Orienteering is an exciting outdoor adventure sport which involves navigating around a course using a detailed map and sometimes a compass.
The aim is to navigate between a set of control points and decide the best route to complete the course in the quickest time. It does not matter how young, old or fit you are, and you can run, walk or jog round the course and progress at your own pace.
It can be hard finding out what is happening for orienteering - here is something to help you with this.
Local events are usually low key and in the 'localised' area, ideal for newcomers to try the sport and Activities are non competitive events used for training and coaching, aimed at members of the club, but they can attract people from neighbouring clubs, and are often ideal for newcomers to try the sport. Regional events attract participants from around the local Region, National events are high quality competitions that will attract people from far away, Major events are Major Events such as a British Championships.
MapRun is an app which allows you to use your smartphone to enjoy orienteering without needing to set up physical control points on the ground. There are now MapRun courses set up all across Scotland which you can go and run right now, with more new ones being added all the time.
Using MapRun, you can run an orienteering course using either the map on your phone screen or a paper version; the only difference from a “traditional” course is that there are no physical markers on the ground. Instead, the phone tracks your location as you run and vibrates or buzzes to confirm when you’ve reached each control point on the course.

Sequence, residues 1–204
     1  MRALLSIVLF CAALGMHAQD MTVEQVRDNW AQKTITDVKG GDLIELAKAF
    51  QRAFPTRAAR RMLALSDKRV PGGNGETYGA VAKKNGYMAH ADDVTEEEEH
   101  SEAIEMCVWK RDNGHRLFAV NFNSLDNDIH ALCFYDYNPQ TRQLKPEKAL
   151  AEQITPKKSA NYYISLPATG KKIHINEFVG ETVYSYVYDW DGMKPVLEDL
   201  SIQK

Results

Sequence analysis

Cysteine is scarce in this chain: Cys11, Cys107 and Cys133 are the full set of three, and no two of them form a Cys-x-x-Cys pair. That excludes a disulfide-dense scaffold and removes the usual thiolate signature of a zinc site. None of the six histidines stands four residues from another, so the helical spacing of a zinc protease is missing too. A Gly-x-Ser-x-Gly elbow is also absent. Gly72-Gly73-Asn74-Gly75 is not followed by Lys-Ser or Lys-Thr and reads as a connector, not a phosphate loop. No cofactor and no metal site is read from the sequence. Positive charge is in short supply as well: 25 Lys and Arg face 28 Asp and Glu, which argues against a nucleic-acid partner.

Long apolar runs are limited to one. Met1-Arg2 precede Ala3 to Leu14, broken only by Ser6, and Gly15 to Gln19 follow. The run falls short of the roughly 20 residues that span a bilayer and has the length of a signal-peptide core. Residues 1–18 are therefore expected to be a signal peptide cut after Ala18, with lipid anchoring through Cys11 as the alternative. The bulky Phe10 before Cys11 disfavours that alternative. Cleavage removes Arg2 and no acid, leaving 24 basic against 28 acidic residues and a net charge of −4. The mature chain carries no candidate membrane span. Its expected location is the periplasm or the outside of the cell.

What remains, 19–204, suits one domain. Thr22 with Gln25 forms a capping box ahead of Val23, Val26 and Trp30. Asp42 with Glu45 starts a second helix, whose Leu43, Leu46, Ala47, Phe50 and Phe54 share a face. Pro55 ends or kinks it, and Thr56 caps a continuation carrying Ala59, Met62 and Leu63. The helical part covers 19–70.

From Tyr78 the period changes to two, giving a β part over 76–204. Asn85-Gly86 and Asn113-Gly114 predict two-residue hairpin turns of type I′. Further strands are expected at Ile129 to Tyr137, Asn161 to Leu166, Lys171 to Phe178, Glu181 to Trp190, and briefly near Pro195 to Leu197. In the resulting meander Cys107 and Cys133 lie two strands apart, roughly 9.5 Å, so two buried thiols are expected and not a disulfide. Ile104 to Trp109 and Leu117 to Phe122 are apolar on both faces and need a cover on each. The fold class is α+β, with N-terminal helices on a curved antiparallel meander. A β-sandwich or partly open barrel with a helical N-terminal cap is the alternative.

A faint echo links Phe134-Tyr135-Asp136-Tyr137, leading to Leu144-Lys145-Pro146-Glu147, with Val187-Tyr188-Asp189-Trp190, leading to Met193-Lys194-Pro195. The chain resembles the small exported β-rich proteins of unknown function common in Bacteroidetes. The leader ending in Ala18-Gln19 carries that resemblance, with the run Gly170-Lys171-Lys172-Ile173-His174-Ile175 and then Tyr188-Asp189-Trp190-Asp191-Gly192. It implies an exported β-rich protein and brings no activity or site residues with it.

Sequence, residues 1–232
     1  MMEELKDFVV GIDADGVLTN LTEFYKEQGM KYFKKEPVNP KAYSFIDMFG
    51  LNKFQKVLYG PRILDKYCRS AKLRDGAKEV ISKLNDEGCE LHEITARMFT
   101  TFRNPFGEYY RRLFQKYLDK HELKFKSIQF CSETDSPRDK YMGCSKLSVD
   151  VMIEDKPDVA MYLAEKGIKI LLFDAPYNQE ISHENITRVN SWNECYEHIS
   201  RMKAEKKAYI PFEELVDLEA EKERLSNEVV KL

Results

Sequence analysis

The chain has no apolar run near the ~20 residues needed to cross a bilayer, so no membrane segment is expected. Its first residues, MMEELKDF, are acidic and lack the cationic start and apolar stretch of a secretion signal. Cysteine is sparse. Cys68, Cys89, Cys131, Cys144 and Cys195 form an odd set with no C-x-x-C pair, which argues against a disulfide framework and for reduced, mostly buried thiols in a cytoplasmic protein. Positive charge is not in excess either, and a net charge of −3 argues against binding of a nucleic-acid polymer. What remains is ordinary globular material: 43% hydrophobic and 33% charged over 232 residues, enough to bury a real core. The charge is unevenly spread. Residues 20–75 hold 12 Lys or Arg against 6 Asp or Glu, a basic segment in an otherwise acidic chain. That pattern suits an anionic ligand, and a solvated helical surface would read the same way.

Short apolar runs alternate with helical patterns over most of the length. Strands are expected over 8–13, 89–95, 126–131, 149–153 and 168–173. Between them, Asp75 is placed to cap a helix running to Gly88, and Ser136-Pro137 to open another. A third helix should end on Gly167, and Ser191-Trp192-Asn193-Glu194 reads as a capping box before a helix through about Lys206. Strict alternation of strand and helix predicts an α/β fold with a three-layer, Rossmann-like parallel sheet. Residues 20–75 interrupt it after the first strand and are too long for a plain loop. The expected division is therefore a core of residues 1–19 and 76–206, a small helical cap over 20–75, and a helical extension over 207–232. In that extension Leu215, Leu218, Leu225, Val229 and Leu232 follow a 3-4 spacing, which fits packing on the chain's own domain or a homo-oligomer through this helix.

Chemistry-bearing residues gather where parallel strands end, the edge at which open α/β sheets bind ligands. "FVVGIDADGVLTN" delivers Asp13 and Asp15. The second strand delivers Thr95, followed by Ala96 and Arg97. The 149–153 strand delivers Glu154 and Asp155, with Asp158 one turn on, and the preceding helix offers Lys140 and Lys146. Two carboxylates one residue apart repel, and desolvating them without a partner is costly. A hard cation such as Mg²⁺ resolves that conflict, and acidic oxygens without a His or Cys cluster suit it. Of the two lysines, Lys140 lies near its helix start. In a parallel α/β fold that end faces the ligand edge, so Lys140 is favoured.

These courses have fixed marker posts in place. Your challenge is to
discover checkpoints in the form of posts or plaques, in forests,
heathlands, parks and green spaces.
These are images of the map symbols you will find on orienteering maps. The first one is for normal forest maps and the second one is for urban maps.
Below is an image of the the sorts of things you will see on the control descriptions that are given to you (and usually printed on the map). These describe your course, the numbers of the controls (checkpoints) and the land feature that you will find the control marker (kite). The small graphic is shorthand and internationally understood.
RouteGadget is a Web application for drawing and comparing orienteering routes. Many SOS events have uploaded results to this service so you can add your route choice (manually or by uploading a GPS track) and see the routes taken by others.
Hired timing chips (Si-Cards, dibbers): We provide a free loan of these if you don't have your own but if you lose it there will be a £30 charge for its replacement.